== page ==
A number of years back, in a fit of uncontrollable impatience during an event we now refer to simply as “The fence incident” I made the unwise decision to vault myself over the backward fence instead of using the gate which would, at least in my mind, take too much time. Looking back, I’m still impressed with the amazing height I achieved to ensure I would easily clear the top of the chain links. Unfortunately, I also lost all control resulting in an unscheduled trip to the emergency room. Turns out my shoulder isn’t supposed to be positioned where my sternum normally resides.
That was over fifteen years ago and in the last few years I’ve really noticed that the flexibility in the dislocated shoulder has substantially diminished. Wanting to improve my joint and connective tissue health, I came upon something called gymnastic strength training. I’ve always wondered how men’s gymnastics can do positions on rings where they seem to defy the laws of physics. How is it their shoulders doesn’t rip out of their sockets?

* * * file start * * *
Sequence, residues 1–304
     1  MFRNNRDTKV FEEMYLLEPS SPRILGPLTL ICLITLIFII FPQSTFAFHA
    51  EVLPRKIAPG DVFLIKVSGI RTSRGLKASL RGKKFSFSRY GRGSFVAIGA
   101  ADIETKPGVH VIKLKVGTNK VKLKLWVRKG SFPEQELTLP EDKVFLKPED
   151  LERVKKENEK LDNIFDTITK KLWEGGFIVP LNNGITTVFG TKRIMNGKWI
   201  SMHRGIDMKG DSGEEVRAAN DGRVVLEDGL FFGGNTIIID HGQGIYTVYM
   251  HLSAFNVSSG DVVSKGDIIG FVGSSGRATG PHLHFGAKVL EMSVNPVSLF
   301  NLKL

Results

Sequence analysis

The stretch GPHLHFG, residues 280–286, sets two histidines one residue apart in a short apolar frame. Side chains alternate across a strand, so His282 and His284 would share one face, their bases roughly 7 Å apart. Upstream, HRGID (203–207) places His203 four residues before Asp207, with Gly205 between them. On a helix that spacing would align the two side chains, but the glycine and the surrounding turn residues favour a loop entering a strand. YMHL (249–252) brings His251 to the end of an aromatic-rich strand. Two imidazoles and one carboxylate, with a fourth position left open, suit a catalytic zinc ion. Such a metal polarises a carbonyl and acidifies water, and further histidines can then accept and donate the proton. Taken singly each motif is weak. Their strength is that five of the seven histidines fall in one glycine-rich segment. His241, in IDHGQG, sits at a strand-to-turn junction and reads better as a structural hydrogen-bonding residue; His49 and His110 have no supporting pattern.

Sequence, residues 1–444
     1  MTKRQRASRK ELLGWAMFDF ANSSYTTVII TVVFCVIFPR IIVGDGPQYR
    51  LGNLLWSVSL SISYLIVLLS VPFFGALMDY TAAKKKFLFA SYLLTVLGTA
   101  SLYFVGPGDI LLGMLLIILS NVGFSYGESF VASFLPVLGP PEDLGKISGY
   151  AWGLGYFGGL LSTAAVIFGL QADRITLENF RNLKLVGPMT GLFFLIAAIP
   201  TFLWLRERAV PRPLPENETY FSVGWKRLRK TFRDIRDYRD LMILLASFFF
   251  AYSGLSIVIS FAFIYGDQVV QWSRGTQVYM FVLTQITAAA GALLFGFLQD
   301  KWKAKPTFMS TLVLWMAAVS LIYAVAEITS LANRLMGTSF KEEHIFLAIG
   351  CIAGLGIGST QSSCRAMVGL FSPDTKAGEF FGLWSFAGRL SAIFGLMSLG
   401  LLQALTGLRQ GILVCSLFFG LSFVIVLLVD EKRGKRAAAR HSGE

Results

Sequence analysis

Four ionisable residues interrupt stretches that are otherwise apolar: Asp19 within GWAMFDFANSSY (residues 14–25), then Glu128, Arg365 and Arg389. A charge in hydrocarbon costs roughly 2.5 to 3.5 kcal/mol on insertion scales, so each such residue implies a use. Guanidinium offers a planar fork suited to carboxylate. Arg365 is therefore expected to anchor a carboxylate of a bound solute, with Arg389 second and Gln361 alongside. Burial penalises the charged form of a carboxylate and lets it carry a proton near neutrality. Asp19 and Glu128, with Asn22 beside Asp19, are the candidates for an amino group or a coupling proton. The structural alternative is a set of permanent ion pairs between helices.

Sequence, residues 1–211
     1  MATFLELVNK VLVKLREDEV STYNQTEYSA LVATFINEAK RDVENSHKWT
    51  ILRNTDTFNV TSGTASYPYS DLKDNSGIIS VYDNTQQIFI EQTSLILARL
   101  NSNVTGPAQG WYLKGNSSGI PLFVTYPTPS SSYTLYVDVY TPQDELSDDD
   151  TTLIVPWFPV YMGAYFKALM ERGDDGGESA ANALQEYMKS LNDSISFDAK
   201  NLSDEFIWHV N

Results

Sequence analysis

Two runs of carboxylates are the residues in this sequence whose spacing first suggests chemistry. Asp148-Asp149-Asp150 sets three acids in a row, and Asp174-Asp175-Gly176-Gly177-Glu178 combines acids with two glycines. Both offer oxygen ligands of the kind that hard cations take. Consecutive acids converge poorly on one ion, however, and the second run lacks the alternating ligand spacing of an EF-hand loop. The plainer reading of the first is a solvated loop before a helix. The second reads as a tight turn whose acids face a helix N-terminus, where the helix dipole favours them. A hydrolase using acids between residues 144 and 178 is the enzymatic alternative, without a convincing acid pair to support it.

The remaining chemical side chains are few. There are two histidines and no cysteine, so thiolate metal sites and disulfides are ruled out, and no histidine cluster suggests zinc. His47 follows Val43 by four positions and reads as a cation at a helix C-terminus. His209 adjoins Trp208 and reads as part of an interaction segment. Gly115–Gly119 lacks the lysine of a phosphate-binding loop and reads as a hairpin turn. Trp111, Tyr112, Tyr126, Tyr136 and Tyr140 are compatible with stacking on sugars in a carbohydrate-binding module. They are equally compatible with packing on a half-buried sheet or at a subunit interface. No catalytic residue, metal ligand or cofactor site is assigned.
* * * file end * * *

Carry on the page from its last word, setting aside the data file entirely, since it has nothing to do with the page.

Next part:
The key is mobility which is a combination of strength and flexibility. Former US Junior Olympic Gymnastic coach, Christopher Sommer, created a program (https://www.gymnasticbodies.com/) for normal people to learn joint, connective tissue, and strength training. He calls the training ‘foundations’ because all of the exercises progress toward doing seven foundational gymnastic positions including manna and straddle planche.